The offseason recently is underway for Northwestern football, and though there’s well over half a year until the 2017 season opener against Nevada, it’s never too early to take a look at what next year’s team will look like. This series of questions will continue with a look at a position group that needs to step up in order for the Wildcats to have sustained success in the Big Ten West: the offensive line.
Northwestern will be without some of its biggest playmakers from 2016 next season: All Big Ten performers Austin Carr, Anthony Walker Jr. and Ifeadi Odenigbo will be gone, as will many other solid contributors.
As is the case every season, younger players will have to step up into elevated roles in those areas, but improvement at those positions won’t be as important as better play from the offensive line, a unit that was up-and-down all season long, will be.
Northwestern gave up 39 sacks in 2016, good for 113th in the country. Simply put, this number must go down in 2017 if the Wildcats are to compete for a Big Ten West title.
But the possibility for improvement is there.
The only starter leaving is right tackle Eric Olson, and Northwestern seems to have the depth to replace him. Ben Oxley — a former defensive lineman — figures to take Olson spot. Oxley switched from the defensive line to the offensive line, and he has above-average athleticism for the position.
Guard and team captain Connor Mahoney will be gone, but he lost his job to J.B. Butler during the season, and Butler stepped up and played well, especially as just a redshirt freshman.
Butler’s guard counterpart Tommy Doles was also pretty good without being great, and should be a solid Big Ten lineman next year.
Between the two guards will be Brad North. North, like most of the lineman, struggled mightily in certain games, notably Wisconsin and Minnesota. While the blame shouldn’t fall squarely on North’s shoulders for those two performances, defenders shot into the Northwestern backfield with ease, making it incredibly difficult for Justin Jackson to get going, especially in short-yardage situations.
And finally there will be Blance Hance, who played left tackle this season.
2016 was a step backward for Hance, who made the Big Ten All-Freshman team in 2015. Skilled edge rushers terrorized the sophomore tackle, so Clayton Thorson had to run for his life frequently during games.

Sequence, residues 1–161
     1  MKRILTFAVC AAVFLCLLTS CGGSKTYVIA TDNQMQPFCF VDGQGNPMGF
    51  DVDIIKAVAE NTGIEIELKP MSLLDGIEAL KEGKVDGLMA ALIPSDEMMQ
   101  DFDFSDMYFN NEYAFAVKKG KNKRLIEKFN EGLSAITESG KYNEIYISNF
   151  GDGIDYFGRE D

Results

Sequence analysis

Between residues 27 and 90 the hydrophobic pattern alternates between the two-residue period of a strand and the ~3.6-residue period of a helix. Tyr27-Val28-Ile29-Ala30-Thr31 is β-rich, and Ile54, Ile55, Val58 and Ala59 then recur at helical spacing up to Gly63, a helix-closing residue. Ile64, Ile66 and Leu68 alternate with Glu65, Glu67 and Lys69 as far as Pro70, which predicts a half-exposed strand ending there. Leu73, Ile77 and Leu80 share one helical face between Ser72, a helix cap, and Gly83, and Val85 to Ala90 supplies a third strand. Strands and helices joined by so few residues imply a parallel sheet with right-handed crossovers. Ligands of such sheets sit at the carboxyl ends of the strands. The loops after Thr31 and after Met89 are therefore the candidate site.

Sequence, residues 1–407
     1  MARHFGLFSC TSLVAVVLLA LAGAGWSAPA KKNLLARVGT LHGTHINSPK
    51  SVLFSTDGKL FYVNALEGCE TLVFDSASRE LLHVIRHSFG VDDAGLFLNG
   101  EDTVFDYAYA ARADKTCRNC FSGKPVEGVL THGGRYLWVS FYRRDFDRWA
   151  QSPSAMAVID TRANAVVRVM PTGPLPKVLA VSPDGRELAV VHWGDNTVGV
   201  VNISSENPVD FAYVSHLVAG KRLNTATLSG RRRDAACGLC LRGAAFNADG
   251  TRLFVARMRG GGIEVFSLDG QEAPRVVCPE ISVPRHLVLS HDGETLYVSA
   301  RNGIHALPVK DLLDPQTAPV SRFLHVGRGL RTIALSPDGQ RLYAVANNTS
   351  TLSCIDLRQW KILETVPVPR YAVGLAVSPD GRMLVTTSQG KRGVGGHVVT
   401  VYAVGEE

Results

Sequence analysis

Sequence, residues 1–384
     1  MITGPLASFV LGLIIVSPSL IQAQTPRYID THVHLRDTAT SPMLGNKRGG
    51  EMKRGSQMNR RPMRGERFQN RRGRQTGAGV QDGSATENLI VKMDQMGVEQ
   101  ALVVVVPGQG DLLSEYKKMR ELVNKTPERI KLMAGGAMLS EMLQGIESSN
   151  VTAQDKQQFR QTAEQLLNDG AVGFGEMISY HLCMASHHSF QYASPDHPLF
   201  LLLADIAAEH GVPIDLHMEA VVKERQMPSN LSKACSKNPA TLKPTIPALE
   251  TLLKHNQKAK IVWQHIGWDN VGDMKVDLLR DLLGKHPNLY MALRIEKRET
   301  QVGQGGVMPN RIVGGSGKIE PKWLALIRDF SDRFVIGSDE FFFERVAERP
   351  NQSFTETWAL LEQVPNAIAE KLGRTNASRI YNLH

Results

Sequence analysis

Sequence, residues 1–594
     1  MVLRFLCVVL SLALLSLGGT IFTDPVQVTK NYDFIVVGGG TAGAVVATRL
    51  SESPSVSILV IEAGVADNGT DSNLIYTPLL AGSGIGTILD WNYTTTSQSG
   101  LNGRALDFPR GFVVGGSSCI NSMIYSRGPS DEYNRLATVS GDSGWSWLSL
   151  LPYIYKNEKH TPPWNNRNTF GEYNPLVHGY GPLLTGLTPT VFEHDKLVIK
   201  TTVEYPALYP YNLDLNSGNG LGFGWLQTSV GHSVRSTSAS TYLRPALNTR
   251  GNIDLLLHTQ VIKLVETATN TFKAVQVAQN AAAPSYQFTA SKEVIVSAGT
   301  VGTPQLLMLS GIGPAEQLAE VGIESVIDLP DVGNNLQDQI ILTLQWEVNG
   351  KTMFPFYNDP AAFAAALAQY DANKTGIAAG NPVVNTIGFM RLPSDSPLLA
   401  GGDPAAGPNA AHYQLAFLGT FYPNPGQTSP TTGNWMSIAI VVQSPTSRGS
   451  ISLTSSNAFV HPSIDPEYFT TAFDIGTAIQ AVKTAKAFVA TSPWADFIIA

Glimmers of a strong O-line did exist, however. In Big Ten games against Iowa, Michigan State and even Ohio State, the line held up, and played well enough for Northwestern to have a chance in all three games (although the ‘Cats did lose in the Horseshoe).
And the line delivered a spectacular performance in the Pinstripe Bowl, allowing Justin Jackson to rush for 224 yards.
Improvement on the line will do wonders the Wildcats’ offense.
While Jackson did have a monster season, the run blocking wasn’t good enough in certain games.
Early in the season, offensive coordinator Mick McCall had to all but abandon the running game because the line couldn’t generate any push against Illinois State. Let that sink in.
The running blocking was better in the following two games against Duke and Nebraska, but it still wasn’t good by any stretch.
The others duds in the running game came against Wisconsin and Minnesota; Jackson averaged under 3.8 yards per carry. The line didn’t pass protect particularly well in either of these games either, but bigger, stronger defensive lines were able to overpower Northwestern’s front five.
Fixing this isn’t necessarily a straightforward matter. Head coach Pat Fitzgerald spoke at length about all the weight room records the team set last offseason, but what did that really get it?
Developing technique and better understanding the offensive playbook and schemes will surely help some. Experience is important.
The flip side of that coin is that the line won’t be all that different next season, barring any major surprises. If the problem is that Northwestern just doesn’t have the players to win against the bigger teams in the conference, that will be no different next season.
The line did play really well at times last season, so it’s not as if the personnel physically cannot compete. It’s a matter of being more consistent, and continuing the strong stretches of play for longer periods.
The person who may benefit most from better offensive line play is Clayton Thorson. One of his most glaring weaknesses is his presence and awareness in the pocket, and some of that is because he doesn’t have enough time to throw on a fairly sizable percentage of plays.
If the line can take the next step and have success more consistently, Thorson’s development will be facilitated and not stunted, even without his top wideout, giving the junior-to-be a shot to be one of the conference’s best next season.
A shot at the Big Ten West crown may follow.